There is a scene in Little Children where Sarah Pierce (Kate Winslet) describes to a skeptical book club audience why she loved the novel “Madame Bovary.” A tale of tragedy, bravery, stupidity, passion and wickedness, there’s hardly an element of the book that doesn’t find its way onto the screen in these characters’ lives. Sarah isn’t stupid—she sees the parallels. But for the first time in her life she thinks she’s happy, thinks she’s in love. While she knows the tragedy must be right around the corner, for now she’s happy with the bravery and passion.
Little Children is a flawed film. That said, I liked it; at times, even loved it.
I was entranced by the surreal first act. Director Todd Field’s (the magnificent In the Bedroom) direction and Antonio Calvache’s cinematography is so gorgeous, so fluent that you can’t help but be held spellbound. It’s the second act where the film goes long and astray, trying, though not really succeeding in connecting the various plot elements. But by the third act, it seems to remember its earlier glory and brings everything back together in a way that almost makes you question the second act’s inadequacies altogether.
The first thing you notice about Little Children is Will Lyman. You won’t find Lyman’s name in the credits nor will you see him in the film, but he is nonetheless everywhere. Lyman, the well-known voice behind PBS’s Frontline and NOVA, narrates the film, not as a character but as the sort of third-person omnipotent observer rarely, if ever, seen in modern filmmaking. There is a rule in screenwriting: show, don’t tell. Little Children does both and it works flawlessly. Lyman’s rich voice makes us think we are watching a nature special about animals caught in the act in their native habitat.
The native habitat here is not the Sahara, but the idyllic suburbia of Massachusetts. Suburbia is the favorite, overused target of filmmakers these days, not that there isn’t plenty of fodder there to work with. Additionally, the film confronts another all-too common, thirty-something question: why do otherwise fascinating and appealing adults lose all semblance of interest and dynamism when they begin having children?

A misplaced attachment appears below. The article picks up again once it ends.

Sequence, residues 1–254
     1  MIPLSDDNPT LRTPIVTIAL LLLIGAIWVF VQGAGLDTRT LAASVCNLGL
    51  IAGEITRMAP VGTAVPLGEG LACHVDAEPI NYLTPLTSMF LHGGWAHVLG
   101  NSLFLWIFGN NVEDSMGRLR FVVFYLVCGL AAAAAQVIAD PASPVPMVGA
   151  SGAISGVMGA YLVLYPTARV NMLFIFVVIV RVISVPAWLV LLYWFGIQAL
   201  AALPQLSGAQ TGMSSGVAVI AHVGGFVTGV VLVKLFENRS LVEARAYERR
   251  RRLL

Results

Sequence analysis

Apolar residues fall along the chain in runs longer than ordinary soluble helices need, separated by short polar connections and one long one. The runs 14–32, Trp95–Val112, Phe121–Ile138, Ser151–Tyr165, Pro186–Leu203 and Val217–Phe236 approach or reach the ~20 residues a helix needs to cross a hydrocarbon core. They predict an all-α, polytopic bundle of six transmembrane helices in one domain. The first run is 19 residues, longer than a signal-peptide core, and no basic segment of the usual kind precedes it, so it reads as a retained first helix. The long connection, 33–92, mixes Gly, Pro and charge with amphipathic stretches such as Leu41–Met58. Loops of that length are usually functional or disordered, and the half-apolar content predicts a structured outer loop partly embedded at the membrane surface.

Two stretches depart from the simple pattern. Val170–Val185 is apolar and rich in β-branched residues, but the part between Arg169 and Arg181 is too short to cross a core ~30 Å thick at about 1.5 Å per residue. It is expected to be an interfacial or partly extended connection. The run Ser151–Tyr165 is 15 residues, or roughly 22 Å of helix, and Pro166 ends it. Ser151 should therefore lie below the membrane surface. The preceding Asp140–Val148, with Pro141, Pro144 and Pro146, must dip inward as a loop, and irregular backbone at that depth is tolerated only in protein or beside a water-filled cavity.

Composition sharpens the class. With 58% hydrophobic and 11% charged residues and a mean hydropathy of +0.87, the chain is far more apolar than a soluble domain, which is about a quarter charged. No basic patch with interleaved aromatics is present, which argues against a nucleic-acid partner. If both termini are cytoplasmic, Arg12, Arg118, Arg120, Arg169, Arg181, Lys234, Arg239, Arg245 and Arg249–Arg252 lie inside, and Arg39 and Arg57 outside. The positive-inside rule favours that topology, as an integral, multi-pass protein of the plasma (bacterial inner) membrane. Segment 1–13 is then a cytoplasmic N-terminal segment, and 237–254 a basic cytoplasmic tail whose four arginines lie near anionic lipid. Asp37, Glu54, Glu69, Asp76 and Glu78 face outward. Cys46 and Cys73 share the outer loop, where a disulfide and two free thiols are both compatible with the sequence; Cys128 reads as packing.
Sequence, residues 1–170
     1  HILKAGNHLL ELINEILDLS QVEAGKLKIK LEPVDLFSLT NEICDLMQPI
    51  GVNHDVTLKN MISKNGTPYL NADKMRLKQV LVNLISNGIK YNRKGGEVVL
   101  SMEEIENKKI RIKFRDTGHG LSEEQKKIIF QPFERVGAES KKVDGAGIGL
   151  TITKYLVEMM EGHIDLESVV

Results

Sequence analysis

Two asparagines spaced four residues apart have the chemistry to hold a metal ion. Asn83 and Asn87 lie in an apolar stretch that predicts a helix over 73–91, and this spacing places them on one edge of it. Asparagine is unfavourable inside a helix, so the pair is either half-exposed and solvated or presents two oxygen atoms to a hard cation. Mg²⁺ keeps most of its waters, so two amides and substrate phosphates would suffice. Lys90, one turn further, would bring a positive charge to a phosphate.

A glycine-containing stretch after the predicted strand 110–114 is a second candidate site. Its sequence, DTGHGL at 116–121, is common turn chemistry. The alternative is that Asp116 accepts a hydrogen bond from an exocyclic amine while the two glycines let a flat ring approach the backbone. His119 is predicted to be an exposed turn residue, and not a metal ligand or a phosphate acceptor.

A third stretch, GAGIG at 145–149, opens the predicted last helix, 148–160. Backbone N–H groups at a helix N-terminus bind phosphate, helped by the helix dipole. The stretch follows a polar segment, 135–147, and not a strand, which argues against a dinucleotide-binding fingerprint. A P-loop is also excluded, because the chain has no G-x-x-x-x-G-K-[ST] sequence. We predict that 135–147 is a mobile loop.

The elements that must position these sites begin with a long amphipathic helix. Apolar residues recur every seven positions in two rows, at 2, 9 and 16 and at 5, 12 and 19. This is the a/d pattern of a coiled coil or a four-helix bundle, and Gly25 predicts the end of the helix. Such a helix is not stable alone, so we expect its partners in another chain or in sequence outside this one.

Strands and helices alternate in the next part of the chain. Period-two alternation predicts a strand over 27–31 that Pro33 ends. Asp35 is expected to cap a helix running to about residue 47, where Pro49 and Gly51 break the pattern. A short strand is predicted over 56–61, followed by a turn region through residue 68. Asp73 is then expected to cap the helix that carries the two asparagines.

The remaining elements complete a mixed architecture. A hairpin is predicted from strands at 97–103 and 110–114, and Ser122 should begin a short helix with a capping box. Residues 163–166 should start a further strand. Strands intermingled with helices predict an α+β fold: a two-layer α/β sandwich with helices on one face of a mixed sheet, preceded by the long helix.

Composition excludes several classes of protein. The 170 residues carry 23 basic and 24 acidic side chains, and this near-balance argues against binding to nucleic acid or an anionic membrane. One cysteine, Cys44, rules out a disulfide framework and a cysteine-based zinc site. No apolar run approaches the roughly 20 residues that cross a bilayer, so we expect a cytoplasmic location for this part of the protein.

The animals in this nature film are comprised of a stay-at-home narcissistic father who can’t seem to pass the bar exam and gets high on the adulation of women other than his knockout wife, the languishing academic who has traded the flexing of her mind for folding laundry and changing diapers, the ex-cop whose lost the only thing he ever knew how to be and in the process is on the verge of becoming the very criminal he used to put away, and the sexual deviant so desperate to be normal he will do to himself what others claim so boldly they wish to do.
These adults are the little children to which the title refers. They spend the entire film in various states of juvenile immaturity, only grasping hold of their mantles of responsibility in the closing moments. Better late than never, we are told; it’s never too late to start acting like a grown up. The film ends with hope. There will be a lot of hard work ahead, but despite their flaws, you come to care for each of these characters and want the best for them--even the sex offender.
Based on Tom Perrotta's 2001 novel (Perrotta also wrote the screenplay), Little Children is about as close as a movie can get to literature—rich, nuanced, erudite and multi-layered. The film, like the book, treads a fine line between tragic satire and disquieting, uncomfortable reality, creating a world in which judgmental looks, hidden secrets, repressed desires, and deep, dark fantasies are barely kept at bay by a flimsy social order. What is perhaps most surprising of all is the realization that Little Children is a comedy—a dark, blistering comedy, but a comedy nonetheless.
Little Children is far from flawless, but it remains one of this year’s most beautiful and thought-provoking films. (And it has what just may be the best trailer--click above--I’ve ever seen).